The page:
There are, however, a couple of steps I've taken that have consistently made me more organized, less crazy, and overall more effective.

  • Rising early. During the work-week, I get up between 5:30 and 6:00. On the weekends I'm not quite as ambitious, but I do try to be moving by 8:00 or 8:30 at the latest. Extra time in the morning allows me to enjoy an established, leisurely routine rather than frantically rolling out of bed and dashing out the door. Additionally, quiet time alone in the morning allows me to muster my mental and emotional forces and meet the rest of the day (and all of the people that I encounter) with energy, enthusiasm, and focus rather than with irritation and frustration.
  • Lists. I haven't mastered a perfect method for lists yet, but I do make them. All the time, and everywhere. Post-it notes are probably not the ideal form for effective lists, but my random and colorful post-it notes scattered across desks, walls, and mirrors have consistently kept me on track, both at home and at work.
  •  The ground level. I have an ideal level of cleanliness, the one I achieve once a week for an hour after I have attacked every nook and corner of my house. But then I have the realistic clean. When this slides during the week, so does my sanity. I have discovered that I need to maintain a certain level of tidiness in order to be happy, productive, and un-stressed. Not perfection. Just a reasonable environment. Find out what this level is for you and then maintain it. Knowing the level of tidiness at which you are productive and effective allows you to prioritize better.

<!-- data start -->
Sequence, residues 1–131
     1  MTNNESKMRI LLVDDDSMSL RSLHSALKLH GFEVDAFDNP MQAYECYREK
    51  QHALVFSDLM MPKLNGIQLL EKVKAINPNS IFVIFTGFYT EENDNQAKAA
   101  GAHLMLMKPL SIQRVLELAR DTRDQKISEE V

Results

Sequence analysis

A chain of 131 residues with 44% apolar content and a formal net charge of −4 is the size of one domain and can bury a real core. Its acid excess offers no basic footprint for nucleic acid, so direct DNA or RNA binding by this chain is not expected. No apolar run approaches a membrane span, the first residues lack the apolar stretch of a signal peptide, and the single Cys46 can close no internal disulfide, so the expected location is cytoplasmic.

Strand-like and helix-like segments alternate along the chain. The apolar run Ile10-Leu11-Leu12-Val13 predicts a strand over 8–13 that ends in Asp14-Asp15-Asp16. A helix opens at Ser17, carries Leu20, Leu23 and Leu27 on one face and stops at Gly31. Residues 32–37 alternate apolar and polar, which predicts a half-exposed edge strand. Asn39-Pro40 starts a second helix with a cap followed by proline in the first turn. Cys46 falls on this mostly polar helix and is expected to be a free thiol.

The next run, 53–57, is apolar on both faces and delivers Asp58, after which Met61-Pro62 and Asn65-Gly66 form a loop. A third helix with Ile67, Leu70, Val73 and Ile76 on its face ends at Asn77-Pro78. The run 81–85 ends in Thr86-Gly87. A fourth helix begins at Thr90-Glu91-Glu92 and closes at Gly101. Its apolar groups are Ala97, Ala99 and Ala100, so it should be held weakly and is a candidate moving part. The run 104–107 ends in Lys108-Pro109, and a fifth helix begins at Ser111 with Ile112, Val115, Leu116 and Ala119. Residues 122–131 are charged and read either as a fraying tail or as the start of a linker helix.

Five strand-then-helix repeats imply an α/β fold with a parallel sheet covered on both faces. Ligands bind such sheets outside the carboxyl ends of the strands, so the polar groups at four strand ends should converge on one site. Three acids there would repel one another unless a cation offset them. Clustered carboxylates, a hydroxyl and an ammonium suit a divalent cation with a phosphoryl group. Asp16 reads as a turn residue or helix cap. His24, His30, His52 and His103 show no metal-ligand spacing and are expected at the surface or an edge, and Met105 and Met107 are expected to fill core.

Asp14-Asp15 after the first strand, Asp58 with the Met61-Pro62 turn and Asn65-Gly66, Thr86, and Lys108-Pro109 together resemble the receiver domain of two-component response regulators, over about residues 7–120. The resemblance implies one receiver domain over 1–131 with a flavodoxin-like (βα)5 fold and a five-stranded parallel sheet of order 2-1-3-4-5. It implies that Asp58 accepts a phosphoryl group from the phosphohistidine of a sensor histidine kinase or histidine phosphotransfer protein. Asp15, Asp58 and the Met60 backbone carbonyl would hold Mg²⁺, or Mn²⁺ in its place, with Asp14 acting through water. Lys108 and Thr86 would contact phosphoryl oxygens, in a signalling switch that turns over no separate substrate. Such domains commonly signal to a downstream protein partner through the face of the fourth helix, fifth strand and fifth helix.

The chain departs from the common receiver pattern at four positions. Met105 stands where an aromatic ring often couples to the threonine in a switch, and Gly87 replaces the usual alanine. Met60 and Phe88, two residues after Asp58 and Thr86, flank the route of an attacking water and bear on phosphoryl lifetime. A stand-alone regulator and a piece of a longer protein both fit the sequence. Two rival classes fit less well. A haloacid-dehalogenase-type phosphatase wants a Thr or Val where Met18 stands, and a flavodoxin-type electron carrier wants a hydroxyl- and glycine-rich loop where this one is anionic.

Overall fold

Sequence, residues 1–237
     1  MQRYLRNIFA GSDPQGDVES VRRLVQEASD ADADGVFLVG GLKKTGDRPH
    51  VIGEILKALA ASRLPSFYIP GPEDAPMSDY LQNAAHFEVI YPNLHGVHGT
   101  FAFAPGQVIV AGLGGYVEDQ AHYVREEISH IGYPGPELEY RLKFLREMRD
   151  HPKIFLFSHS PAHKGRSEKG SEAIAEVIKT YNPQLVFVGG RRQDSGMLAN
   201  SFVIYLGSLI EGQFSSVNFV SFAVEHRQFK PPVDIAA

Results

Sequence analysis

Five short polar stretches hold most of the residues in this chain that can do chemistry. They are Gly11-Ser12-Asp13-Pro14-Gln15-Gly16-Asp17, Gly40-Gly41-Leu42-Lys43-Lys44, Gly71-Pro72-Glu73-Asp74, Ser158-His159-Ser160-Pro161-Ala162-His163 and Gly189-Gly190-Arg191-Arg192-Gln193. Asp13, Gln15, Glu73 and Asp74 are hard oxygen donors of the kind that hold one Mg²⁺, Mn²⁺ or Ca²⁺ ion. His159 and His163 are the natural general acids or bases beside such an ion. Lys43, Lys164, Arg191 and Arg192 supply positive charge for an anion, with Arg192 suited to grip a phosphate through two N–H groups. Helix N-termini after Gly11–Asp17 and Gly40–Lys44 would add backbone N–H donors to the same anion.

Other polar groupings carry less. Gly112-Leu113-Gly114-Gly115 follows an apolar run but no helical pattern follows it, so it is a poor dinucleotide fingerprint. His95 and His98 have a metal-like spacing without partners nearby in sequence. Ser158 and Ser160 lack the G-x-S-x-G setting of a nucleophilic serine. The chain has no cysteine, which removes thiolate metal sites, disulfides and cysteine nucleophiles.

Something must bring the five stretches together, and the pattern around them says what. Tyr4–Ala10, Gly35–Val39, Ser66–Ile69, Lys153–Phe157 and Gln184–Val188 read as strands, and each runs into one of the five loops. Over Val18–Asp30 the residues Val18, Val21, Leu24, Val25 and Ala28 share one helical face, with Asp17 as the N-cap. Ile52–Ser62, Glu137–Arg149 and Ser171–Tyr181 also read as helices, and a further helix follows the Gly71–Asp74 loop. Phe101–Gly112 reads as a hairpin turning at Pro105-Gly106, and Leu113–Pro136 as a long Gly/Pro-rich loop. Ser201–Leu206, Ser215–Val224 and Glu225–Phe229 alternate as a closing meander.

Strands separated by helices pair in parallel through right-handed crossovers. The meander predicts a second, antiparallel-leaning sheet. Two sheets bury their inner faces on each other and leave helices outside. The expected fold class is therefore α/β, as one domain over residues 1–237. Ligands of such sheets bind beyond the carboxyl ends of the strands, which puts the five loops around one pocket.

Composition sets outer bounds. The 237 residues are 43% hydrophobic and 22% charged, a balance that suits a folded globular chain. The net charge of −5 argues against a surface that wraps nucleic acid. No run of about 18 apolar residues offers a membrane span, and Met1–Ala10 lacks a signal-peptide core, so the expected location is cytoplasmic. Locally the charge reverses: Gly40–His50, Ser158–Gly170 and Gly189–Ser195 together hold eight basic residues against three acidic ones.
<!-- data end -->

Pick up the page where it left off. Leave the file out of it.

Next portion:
• E-mail drafts. Saving lists, memos, blog drafts, and a host of other random things to my e-mail account has saved me countless hours. I even e-mail myself important documents and files "just in case" I ever need them when away from my computer.

What is your best organizing trick?

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Career

It’s the Little Things…

June 19, 2010

It's the little things in life that count. Like an organized inbox. E-mail accounts can spin out of control if left to their own devices. My own was becoming overwhelming. As of yesterday I had 150 "new" messages, all of which were over a week old.

There were 54 pages of e-mails, most of which contained at least somewhat relevant records, but the junk was making it difficult to keep track of the important stuff.

It was time to do a little housekeeping. I needed to clear out the advertisements, spam, and automated updates. But who wants to wade through 54 pages of e-mails? So I automated the process:

  • I searched for the e-mail address of the advertisement/spam/automated update in question. This helped me find all the e-mails of any one kind at once.
  • I clicked "Mark All."
  • I clicked "Delete. "
  • I repeated this process until I ran out of junk mail.


Now I was down to 39 pages of mail, but now, at least, most of the e-mails were legitimate records and not useless advertising.

I'm also unsubscribing from automated updates as they arrive. It takes a few seconds, but it should save time down the road.

What did you organize this week?